# Thread: prime field and order

1. ## prime field and order

Hi, I need some help with this question.

Let $\displaystyle F=F_p$ be a field and $\displaystyle V=F_p^n$.
a. The numbers of bases of $\displaystyle V$ for $\displaystyle n=2$ is equal to the order of $\displaystyle GL_2 (F)$
b. Prove the order of $\displaystyle GL_2 (F)$ is $\displaystyle p(p+1)(p-1)^2$.
c. Prove the order of $\displaystyle SL_2 (F)$ is $\displaystyle p(p+1)(p-1)$.

Working:
If $\displaystyle v_1,...,v_n$ is a basis of $\displaystyle V$ then there is an invertible matrix with these vectors as columns.
Note that $\displaystyle v_1$ can be any non-zero vector, then $\displaystyle v_2$ can be any vector in $\displaystyle V$ that is not on the line spanned by $\displaystyle v_1$, and same for $\displaystyle v_3$ to $\displaystyle v_n$. So there are $\displaystyle p^n-1$ choices for $\displaystyle v_1$, $\displaystyle p^n-p$ choices for $\displaystyle v_2$, $\displaystyle p^n-p^2$ choices for $\displaystyle v_3$, etc.

So the order of $\displaystyle GL_n (F_p)$ is $\displaystyle \prod_{i=0}^{n-1} (p^n-p^i)$

So this gives me the answer to part b, but how do I work out part a and c?

2. ## Re: prime field and order

a) you need a bijection from the set of all bases for V to GL2(F). you already have mapping (you found one in part (b)), so you just have to show that this mapping is a bijection.

c) suppose A is in GL2(F). how many possible values can det(A) have? can you partition GL2(F) into cosets using this information?

3. ## Re: prime field and order

a) define a map $\displaystyle \phi : Gl_2(F_p) \to B$ where $\displaystyle B$ is the set of all bases of $\displaystyle V$.

So we choose a basis of $\displaystyle V$, $\displaystyle e_1,...,e_n$ and then for $\displaystyle T \in GL_2(F_p$) we define $\displaystyle \phi(T) = Te_1,...,Te_n$. And since T is non-singular, $\displaystyle \phi(T) \in B$.

But for some stupid reason at the moment I am coming up blank from where to go from here to show that there is a bijection between $\displaystyle V$ and $\displaystyle GL2(F_p)$.

c) So $\displaystyle SL_2(F_p)$ has $\displaystyle 2x2$ matrices with determinant $\displaystyle 1$. So I can define a map

$\displaystyle det: GL_2(F_p) \to F_p^{\times}$ which sends $\displaystyle A \mapsto det(A)$

And using
$\displaystyle det(A \cdot B)=det(A) \cdot det(B)$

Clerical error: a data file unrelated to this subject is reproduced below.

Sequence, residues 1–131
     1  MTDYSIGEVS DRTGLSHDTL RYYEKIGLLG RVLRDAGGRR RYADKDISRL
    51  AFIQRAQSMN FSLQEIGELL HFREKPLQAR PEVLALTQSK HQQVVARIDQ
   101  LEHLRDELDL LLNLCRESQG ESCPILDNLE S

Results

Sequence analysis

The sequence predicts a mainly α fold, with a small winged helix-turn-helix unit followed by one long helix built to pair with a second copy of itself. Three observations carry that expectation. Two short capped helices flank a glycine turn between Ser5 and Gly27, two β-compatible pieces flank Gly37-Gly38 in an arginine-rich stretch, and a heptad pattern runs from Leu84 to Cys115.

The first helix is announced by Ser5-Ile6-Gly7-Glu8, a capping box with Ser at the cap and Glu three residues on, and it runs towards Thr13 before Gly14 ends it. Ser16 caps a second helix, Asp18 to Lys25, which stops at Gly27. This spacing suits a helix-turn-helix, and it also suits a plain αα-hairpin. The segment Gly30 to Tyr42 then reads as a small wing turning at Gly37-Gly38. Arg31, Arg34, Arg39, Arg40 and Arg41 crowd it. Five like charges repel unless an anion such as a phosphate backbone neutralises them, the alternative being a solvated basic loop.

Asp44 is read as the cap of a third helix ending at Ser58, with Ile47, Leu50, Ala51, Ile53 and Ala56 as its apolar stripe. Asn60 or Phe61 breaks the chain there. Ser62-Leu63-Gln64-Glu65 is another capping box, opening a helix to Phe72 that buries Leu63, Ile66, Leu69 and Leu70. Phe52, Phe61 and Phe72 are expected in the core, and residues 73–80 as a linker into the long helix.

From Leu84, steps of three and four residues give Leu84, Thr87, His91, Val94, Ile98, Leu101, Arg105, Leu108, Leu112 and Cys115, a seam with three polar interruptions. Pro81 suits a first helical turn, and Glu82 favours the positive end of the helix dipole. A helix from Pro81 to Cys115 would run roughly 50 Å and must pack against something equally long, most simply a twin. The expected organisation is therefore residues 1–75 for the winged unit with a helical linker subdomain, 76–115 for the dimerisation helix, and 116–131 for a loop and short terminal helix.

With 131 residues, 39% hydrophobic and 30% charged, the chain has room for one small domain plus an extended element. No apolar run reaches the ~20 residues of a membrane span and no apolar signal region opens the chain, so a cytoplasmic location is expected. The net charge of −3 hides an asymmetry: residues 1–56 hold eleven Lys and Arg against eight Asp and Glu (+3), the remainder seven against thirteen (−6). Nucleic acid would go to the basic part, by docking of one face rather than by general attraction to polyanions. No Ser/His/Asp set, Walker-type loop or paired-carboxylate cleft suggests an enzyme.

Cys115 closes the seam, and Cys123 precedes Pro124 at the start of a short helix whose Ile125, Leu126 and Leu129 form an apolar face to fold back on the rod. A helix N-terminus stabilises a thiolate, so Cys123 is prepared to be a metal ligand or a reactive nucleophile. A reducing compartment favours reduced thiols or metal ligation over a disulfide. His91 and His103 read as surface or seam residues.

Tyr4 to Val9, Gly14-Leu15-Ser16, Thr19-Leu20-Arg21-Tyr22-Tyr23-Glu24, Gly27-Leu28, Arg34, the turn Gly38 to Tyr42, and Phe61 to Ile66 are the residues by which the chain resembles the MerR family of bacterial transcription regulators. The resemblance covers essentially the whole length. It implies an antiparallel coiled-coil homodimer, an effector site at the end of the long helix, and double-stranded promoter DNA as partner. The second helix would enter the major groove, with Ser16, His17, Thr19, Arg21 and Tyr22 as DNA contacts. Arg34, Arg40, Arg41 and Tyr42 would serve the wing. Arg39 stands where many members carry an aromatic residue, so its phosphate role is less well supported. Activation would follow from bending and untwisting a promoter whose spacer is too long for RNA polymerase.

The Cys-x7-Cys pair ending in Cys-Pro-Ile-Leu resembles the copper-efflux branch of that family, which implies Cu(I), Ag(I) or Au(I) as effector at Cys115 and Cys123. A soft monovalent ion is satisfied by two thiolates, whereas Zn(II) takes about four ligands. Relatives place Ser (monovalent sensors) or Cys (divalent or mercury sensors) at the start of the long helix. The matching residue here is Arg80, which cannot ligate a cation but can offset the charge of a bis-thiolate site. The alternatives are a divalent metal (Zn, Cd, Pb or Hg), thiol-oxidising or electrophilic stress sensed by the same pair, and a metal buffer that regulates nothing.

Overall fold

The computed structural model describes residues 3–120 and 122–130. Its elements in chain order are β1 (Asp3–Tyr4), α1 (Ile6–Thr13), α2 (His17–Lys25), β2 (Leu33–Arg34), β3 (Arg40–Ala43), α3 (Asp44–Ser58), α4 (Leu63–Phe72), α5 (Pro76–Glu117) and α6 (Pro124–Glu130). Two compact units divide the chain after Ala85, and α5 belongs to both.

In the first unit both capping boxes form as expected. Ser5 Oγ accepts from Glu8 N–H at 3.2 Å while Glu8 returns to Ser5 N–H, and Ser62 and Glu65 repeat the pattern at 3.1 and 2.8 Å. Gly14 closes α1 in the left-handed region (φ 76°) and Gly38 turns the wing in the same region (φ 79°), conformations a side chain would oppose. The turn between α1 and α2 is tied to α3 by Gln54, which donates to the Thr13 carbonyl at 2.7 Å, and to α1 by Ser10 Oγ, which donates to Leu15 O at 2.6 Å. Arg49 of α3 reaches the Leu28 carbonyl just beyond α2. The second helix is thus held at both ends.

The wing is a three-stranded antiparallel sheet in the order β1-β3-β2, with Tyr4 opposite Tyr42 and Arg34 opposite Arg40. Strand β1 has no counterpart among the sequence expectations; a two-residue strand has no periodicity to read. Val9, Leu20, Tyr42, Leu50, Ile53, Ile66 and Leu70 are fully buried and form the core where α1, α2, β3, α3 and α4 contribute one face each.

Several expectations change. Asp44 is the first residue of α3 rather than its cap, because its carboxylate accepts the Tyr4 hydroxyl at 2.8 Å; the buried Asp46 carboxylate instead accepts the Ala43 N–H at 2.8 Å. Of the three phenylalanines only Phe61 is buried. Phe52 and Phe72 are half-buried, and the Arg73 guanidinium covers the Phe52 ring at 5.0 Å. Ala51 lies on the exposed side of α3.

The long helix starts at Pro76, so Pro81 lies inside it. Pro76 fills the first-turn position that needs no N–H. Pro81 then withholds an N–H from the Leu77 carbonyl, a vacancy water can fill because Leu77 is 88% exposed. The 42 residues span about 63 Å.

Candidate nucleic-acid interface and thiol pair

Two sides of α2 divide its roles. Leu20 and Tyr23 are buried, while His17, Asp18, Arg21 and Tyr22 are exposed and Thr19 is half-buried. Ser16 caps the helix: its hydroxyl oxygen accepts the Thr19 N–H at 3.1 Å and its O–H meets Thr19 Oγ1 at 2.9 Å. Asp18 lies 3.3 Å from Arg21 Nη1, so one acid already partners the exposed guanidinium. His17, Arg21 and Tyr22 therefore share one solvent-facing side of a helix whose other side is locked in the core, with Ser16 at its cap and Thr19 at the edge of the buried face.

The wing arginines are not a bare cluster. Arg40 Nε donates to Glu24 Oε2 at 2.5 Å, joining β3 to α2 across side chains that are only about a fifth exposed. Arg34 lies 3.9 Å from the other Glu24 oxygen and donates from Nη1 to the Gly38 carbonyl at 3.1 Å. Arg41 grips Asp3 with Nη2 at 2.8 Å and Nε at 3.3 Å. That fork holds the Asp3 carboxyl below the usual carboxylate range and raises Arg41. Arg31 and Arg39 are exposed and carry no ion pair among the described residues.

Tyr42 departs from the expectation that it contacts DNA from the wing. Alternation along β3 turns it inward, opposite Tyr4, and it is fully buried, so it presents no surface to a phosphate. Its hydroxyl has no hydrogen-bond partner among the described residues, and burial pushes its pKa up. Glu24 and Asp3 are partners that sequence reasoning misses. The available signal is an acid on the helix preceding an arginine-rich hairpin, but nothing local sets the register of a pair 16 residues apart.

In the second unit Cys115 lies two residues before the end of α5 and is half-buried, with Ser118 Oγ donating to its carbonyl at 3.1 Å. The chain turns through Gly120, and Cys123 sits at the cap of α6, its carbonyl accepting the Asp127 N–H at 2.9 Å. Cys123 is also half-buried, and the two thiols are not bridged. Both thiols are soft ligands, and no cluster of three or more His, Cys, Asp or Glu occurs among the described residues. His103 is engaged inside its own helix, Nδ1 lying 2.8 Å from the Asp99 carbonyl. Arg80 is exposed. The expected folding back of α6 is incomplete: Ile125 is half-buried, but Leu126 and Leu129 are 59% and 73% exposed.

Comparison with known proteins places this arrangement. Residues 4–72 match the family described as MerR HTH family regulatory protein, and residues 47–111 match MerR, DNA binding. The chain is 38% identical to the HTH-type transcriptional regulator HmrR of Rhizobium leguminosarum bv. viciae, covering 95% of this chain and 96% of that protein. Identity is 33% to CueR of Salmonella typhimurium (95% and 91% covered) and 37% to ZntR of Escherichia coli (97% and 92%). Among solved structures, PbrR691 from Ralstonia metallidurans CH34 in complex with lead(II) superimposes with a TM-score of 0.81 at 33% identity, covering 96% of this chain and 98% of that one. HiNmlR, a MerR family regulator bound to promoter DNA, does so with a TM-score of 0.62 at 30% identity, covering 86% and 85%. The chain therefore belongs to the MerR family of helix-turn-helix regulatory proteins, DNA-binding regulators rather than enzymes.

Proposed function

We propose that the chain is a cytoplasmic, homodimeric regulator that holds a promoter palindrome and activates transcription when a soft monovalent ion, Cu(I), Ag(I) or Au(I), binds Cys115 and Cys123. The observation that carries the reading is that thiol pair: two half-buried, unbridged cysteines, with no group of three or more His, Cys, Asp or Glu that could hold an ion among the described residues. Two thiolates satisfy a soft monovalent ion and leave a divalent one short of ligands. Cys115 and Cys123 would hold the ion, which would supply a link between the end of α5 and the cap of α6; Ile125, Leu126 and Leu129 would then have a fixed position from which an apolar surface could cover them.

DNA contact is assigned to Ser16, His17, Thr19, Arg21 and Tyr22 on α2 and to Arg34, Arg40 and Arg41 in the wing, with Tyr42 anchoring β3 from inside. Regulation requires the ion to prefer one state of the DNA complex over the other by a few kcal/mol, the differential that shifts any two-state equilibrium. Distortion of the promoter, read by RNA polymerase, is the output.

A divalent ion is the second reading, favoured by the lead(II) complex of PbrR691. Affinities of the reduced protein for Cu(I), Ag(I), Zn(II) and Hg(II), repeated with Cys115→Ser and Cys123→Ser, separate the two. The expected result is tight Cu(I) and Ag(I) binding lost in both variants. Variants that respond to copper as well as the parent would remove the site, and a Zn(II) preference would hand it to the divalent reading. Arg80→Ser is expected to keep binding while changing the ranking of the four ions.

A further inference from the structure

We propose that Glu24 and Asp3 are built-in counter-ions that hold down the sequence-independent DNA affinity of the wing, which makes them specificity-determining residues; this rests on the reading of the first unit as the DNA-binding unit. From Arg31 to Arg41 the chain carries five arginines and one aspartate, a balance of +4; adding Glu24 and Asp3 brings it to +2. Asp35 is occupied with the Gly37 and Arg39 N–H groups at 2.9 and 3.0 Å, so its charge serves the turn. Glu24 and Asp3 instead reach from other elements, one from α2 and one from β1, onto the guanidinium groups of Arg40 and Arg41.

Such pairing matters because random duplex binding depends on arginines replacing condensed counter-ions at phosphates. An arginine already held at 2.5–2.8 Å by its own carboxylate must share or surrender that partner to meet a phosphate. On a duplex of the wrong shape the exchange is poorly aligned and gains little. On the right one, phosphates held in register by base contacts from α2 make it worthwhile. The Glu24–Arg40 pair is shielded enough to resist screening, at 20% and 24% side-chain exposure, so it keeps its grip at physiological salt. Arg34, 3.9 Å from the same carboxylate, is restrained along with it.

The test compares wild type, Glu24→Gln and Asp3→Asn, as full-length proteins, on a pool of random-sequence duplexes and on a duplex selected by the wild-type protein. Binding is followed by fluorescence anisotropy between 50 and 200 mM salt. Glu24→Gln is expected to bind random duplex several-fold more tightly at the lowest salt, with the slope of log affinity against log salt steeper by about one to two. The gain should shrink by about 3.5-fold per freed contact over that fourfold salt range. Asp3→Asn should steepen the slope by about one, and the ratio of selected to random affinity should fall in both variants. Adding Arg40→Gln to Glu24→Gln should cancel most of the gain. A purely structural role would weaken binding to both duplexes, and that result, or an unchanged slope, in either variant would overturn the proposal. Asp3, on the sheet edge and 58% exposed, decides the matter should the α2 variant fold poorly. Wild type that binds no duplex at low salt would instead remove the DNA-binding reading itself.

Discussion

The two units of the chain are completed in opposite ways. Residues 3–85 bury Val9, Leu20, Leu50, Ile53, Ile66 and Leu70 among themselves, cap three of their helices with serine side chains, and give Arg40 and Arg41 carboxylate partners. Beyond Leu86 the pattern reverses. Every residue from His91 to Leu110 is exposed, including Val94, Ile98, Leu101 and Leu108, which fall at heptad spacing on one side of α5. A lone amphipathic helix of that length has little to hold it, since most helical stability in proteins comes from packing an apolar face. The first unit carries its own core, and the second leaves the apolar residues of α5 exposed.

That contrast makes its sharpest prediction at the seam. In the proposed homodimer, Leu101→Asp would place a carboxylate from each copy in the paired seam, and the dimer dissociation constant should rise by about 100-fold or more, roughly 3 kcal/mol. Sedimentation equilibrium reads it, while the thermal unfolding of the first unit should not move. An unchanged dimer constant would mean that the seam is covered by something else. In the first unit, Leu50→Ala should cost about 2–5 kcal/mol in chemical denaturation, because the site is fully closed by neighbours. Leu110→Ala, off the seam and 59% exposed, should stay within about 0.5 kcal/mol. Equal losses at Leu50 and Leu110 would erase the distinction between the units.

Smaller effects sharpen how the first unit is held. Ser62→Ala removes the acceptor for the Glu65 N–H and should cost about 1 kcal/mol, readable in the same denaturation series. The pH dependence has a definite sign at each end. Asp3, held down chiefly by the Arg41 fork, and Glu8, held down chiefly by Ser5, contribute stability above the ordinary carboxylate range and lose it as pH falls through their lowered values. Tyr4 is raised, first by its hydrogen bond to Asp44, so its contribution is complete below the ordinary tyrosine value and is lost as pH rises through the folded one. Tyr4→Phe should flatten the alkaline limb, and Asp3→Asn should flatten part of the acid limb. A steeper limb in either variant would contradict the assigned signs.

and

$\displaystyle A= \begin{bmatrix}a & 0 \\0 & 1 \end{bmatrix} \mapsto det(A)=a$

Now this is a surjective group homomorphism with $\displaystyle ker(det)=SL_2(F_p)$

Thus $\displaystyle |GL_2(F_p) : SL_2(F_p)|=|im(det)|=p-1$

Thus, $\displaystyle |SL_2(F_p)|=\frac{|GL_2(F_p)|}{p-1}=p(p+1)(p-1)$

Does this make sense?

Is there a better way to do this part?

Thanks for ur response.

4. ## Re: prime field and order

part (c) looks good.

for (a) you want to show φ is bijective. is φ onto? that is, given a basis {v1,v2,..,vn} in B, can we find (at least one) invertible linear map T with T(ej) = vj?

put another way, can the map that sends ej-->vj be extended to a linear map on V? why is this (extended) map necessarily invertible (and thus in GL2(Fp))?

to show φ is injective...suppose φ(A) = φ(B). then A(ej) = B(ej), for each basis vector ej, so...

(technically, for this to work, you should use "ordered bases" for V. why?)

5. ## Re: prime field and order

Thanks, but for a I am still having trouble finding at invertible linear map T such that T(ej)=vj.
And I don't get why 'ordered bases' is a must.

Thanks

6. ## Re: prime field and order

look we have a "chosen" basis {e1,e2,...,en} for V, and if {v1,v2,...vn} is any element of B, we can define a bijection from {e1, e2,...,en} to {v1,v2,...,vn},

let's call this bijection f. define a linear map T:V-->V by setting T(a1e1+a2e2+....+anen) = a1f(e1)+a2f(e2)+....+anf(en)

(can you see that this map is automatically linear?)

note that T(ej) = T(0e1+0e2+...+1ej+...+0en) = 0f(e1)+0f(e2)+...+1f(ej)+...+0f(en) = f(ej) = vj.

and T^-1 is the map that sends vj-->ej, that is:

T^-1(a1v1+a2v2+...+anvn) = a1e1+a2e1+...+an, so T has an inverse, so it is in GL2(Fp).

so φ(T) = {T(e1),...,T(en)} = {v1,...vn}, thus φ is onto.

now suppose φ(A) = φ(B), for A,B in GL2(Fp). this means {A(e1),...,A(en)} = {B(e1),...,B(en)}.

and here is where using "ordered bases" is helpful: if we are using ordered bases, we have that A(ej) = B(ej) for every j.

hence A = B, so φ is injective (if we don't use ordered bases, then we could have φ(A) = {v2,v1,...,vn} = {v1,v2,...,vn} = φ(B)

which complicates things. ultimately, we're still just dealing with linear combinations of the basis elements, it just makes the statement of what we are

trying to prove somewhat messier).